Female pilot in 'shock' after passenger leaves sexist note
Andrea Janus, CTVNews.ca
Published Tuesday, March 4, 2014 11:44AM EST
Last Updated Tuesday, March 4, 2014 1:37PM EST
A female WestJet pilot says she was in “shock” after a passenger left behind a note following a weekend flight to say that the cockpit is “no place for a woman.”
Crew cleaning the aircraft found a note, written on a napkin and signed by "David," after passengers deplaned from the Calgary to Victoria flight on Sunday.
In addition to suggesting that women don’t belong at the controls of an airplane, the note also said that “A woman being a mother is the most honour, not as ‘captain.’”
“PS I wish Westjet (sic) could tell me a fair lady is at the helm so I can book another flight,” David went on. On the back of the napkin, David wrote that he was “not impressed,” and signed it “Respectfully in love, David.”
Carey Steacy, who has been a pilot for 17 years and has been flying with WestJet for more than nine, says her first reaction to the note was “shock.”
“It made me feel sad. It was just surprising,” Steacy told CTV Vancouver. “I can’t believe that there’s people that still think that way.”
The female flight attendants and her male co-pilot all had the same reaction. “All of us had our mouths open in shock,” she said. “We didn’t know what to say.”
Steacy took to Facebook not only to rebut David’s antiquated view of women, but also his airline terminology: the cockpit is now referred to as the flight deck.
"You were more than welcome to deplane when you heard I was a 'fair lady,' Steacy wrote on Facebook. "You have that right. Funny, we all, us humans, have the same rights in this great free country of ours. Now, back to my most important role, being a mother.”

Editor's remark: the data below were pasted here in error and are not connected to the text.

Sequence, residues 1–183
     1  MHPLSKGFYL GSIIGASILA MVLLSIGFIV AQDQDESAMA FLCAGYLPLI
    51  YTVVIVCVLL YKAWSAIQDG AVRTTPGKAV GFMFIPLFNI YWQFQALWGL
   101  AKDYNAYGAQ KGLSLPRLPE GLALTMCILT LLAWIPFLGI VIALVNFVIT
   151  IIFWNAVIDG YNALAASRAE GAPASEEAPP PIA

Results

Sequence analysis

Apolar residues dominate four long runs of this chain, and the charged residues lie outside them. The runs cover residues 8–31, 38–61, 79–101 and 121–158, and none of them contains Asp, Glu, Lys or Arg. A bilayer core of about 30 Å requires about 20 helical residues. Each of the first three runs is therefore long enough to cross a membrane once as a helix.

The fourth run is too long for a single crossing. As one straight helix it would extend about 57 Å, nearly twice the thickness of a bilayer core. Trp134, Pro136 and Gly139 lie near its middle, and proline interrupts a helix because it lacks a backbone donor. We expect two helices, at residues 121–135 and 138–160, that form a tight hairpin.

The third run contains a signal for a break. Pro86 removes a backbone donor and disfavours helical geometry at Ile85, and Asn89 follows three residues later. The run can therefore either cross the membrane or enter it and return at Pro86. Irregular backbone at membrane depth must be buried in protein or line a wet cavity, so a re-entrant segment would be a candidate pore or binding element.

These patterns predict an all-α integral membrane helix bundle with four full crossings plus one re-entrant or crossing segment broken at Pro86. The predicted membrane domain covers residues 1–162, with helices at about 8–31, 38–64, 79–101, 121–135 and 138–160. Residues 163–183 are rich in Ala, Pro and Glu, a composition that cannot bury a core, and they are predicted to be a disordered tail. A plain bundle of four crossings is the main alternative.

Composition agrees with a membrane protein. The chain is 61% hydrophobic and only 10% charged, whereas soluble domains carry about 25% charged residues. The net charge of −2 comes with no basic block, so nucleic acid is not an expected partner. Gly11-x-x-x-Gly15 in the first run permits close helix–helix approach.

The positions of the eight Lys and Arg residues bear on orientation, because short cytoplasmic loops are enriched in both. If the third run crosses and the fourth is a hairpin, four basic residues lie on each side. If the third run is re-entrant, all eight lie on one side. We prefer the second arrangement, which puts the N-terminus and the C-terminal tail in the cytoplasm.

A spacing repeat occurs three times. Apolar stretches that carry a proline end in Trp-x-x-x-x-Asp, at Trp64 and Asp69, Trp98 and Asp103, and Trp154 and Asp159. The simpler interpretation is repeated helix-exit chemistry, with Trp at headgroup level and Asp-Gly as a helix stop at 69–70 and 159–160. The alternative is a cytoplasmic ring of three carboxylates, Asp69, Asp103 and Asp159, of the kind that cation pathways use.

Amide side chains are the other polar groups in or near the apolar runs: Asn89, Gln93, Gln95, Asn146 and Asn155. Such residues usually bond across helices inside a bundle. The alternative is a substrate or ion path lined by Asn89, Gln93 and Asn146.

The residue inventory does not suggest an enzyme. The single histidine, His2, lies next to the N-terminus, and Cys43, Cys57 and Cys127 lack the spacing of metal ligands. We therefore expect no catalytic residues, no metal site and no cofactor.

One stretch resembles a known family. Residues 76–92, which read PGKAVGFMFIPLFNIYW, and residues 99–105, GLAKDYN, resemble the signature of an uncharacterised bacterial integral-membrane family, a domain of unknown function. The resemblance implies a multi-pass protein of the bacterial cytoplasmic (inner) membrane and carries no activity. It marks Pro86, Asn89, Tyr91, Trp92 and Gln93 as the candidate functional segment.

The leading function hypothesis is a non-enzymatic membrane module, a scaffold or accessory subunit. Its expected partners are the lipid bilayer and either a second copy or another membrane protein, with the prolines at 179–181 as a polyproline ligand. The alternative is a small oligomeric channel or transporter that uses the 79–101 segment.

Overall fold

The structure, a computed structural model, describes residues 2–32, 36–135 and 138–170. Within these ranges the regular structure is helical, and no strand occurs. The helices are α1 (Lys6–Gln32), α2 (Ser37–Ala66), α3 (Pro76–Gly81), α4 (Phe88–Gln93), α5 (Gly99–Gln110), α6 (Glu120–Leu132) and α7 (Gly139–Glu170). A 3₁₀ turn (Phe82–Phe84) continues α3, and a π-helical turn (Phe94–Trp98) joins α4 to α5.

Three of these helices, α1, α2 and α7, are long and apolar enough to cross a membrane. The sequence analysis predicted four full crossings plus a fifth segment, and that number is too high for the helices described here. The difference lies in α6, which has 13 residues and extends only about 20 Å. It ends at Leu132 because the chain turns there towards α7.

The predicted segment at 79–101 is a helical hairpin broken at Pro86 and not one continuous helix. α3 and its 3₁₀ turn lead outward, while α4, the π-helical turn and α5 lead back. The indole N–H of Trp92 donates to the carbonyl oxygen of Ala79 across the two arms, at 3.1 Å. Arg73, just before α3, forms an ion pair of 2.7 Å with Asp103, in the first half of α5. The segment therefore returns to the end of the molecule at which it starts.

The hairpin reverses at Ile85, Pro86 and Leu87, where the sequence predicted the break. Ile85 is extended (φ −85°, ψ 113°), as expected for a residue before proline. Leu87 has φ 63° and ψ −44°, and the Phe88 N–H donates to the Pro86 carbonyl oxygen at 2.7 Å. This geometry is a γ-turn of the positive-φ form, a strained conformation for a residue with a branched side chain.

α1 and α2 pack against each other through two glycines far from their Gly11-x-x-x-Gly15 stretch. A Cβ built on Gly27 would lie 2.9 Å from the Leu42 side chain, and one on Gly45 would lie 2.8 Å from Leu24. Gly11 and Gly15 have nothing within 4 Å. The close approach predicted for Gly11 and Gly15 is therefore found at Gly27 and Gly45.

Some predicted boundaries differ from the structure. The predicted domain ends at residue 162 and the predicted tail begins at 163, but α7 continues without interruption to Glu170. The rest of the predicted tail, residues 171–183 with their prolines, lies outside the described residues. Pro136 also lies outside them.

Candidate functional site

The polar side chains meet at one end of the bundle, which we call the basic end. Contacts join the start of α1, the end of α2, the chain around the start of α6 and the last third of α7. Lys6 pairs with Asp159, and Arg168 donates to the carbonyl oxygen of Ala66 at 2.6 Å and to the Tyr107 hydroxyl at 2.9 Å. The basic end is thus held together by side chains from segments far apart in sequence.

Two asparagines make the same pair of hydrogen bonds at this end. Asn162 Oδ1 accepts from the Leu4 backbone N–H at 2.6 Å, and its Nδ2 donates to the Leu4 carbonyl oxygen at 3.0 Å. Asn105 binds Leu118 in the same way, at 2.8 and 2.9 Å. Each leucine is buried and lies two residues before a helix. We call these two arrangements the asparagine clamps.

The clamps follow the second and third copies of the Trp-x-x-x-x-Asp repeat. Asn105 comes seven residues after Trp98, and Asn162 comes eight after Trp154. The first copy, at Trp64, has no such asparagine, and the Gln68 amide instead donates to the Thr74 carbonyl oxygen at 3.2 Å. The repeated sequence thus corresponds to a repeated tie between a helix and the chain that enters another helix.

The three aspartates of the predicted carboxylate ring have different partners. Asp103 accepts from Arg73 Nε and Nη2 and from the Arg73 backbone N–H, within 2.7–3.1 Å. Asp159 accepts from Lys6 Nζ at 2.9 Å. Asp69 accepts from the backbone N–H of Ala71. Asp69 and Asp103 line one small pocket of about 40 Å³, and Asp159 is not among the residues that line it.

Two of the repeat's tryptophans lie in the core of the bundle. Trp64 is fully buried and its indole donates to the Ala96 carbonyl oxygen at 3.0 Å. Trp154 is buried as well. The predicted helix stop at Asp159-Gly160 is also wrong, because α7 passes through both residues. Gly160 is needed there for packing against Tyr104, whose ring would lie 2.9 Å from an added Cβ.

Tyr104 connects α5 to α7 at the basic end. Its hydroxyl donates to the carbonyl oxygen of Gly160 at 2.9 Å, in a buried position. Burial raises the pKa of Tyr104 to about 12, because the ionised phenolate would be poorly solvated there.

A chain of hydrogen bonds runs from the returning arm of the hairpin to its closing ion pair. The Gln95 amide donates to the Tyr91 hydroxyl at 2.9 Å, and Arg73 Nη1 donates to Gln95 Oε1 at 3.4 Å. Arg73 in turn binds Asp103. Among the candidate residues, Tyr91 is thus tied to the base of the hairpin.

Steacy told CTV that she felt she had to "respond to his opinion. He absolutely has his right to his opinion and I have a right to disagree with it.”
Steacy said she has received widespread support since posting the note and her rebuttal to Facebook.
“I have to think that’s very much an uncommon opinion among the general public,” she said.
Steacy said she has never seen anything like the note left for her, she has heard “the odd comment in jest, usually in jest.
“That’s the only time I’ve ever seen something as raw as that.”
But she acknowledges that it is still a shock for some people to see a female pilot, because far fewer women than men choose to pursue a flying career.
“Almost every day people I find are a little bit surprised, and I think it’s just because women aren’t enrolling in flight schools -- not because they’re not being hired, but because they’re not enrolling in it,” Steacy said.
“Either it’s because they don’t think they can or they have been told that it’s not for women or that they can’t do it. And I just hope that that mindset can change, like it has in a lot of professions.”
As for David’s comment about motherhood being the highest honour, Steacy said she agrees.
“I have two beautiful children, it is the highest honour.”
Here is Steacy's full rebuttal on Facebook:
“To @David in 12E on my flight #463 from Calgary to Victoria today. It was my pleasure flying you safely to your destination. Thank you for the note you discreetly left me on your seat. You made sure to ask the flight attendants before we left if I had enough hours to be the Captain so safety is important to you, too. I have heard many comments from people throughout my 17 year career as a pilot. Most of them positive. Your note is, without a doubt, the funniest. It was a joke, right? RIGHT?? I thought, not. You were more than welcome to deplane when you heard I was a “fair lady.” You have that right. Funny, we all, us humans, have the same rights in this great free country of ours. Now, back to my most important role, being a mother.”